October 12, 2007 | , | 3.5

Bring Me The Horizon, This is What the...

Re-released in the U.S. this past September, Bring Me the Horizon’s This is What the Edge of Your Seat Was Made For is a blood and adrenaline pumping ride incorporating elements of death and metalcore into a furious fusion of movement and sound. BMTH’s sound is unrelenting, combining the likes of Dillinger Escape Plan, Animosity and The Black Dahlia Murder into a seamless, yet chaotic listening experience.

For an EP, the four tracks on this disc pack in more punches than most full length records — technical guitars, off speed tempo changes, an unhinged vocal attack and thunderous drums on each track. Oli Sykes vocal range impresses as he shifts from cleanly shouted lyrics to unintelligible guttural growls and screams. His delivery is both emotional and full of fury as he spits out his lyrics. Guitarists Lee Malia and Curtis Ward deliver a one-two attack with precision riffs and shredding leads. Matt Kean on bass and Matt Nicholls on drums provide a chaotic and apocalyptic landscape for the rest of the band to play with.

RE: They Have No Reflections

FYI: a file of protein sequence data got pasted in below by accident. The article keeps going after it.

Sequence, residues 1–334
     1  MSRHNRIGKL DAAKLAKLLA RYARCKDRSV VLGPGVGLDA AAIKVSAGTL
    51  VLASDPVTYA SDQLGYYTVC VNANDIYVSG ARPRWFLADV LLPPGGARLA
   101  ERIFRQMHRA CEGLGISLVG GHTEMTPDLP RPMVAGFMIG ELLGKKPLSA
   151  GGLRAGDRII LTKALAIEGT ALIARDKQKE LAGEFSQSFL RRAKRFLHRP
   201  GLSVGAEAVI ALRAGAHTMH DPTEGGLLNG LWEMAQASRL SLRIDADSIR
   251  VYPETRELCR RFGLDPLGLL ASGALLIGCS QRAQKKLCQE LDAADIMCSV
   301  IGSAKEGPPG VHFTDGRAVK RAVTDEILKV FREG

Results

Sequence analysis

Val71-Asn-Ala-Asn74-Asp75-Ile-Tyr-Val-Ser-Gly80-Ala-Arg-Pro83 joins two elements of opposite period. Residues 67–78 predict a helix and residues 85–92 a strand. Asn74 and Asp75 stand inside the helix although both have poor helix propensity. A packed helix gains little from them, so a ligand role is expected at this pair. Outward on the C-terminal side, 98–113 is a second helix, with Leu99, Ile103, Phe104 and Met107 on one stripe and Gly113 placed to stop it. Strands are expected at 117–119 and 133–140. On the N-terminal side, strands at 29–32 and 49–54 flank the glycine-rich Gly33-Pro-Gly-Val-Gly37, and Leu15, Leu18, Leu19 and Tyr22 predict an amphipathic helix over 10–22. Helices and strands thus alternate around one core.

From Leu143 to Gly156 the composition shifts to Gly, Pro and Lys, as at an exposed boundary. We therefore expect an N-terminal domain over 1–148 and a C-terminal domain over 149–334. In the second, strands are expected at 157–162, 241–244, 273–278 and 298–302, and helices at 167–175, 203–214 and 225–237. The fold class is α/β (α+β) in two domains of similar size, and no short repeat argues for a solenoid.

Some nasty guitar work starts off this short disc as Sykes starts screaming — higher pitched screams are mixed with deep guttural, indecipherable growls. Massive riffs and technical guitars combine with spastic and active drums to build a feeling of calamity.

Who Wants Flowers When You’re Dead? Nobody
Gang vocals accompany Sykes delivery at the start of this one as melodic death metal guitar work pierce the air. There’s definitely plenty of aggression and power in this band’s sound. Creative drumming and technical guitars are timed to hit at just the right moments in conjunction with the vocals.

The start to “Rawwwrr!” is amazing. It’s a quick build up of aggressive drumming and precise guitar work before deep guttural growls kick in. The album’s heaviest riffs and breakdown beats hit hard throughout this song. Some of the guitar work on this one reminds me of Remembering Never’s Women and Children Die First. I’d have to say that this is my favorite track on the EP.

Traitors Never Play Hangman
The final song is also the shortest, coming in at around three and a half minutes in length. It starts off slowly with a few cymbal strikes prior to erupting into massive riffs and a dual vocal attack. It’s the most evil sounding of the four tracks and a good way to end the EP.

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I believe that this EP was re-released on a couple of other occasions, but this is the first time that it was readily available in the U.S. Bring Me The Horizon’s sound is simply bestial — raw, unrelenting and powerful. There’s more than enough going on in these four tracks to keep you entertained and literally on the edge of your seat awaiting the next musical surprise.

Favorite Tracks:
All of them.

Additional Notes: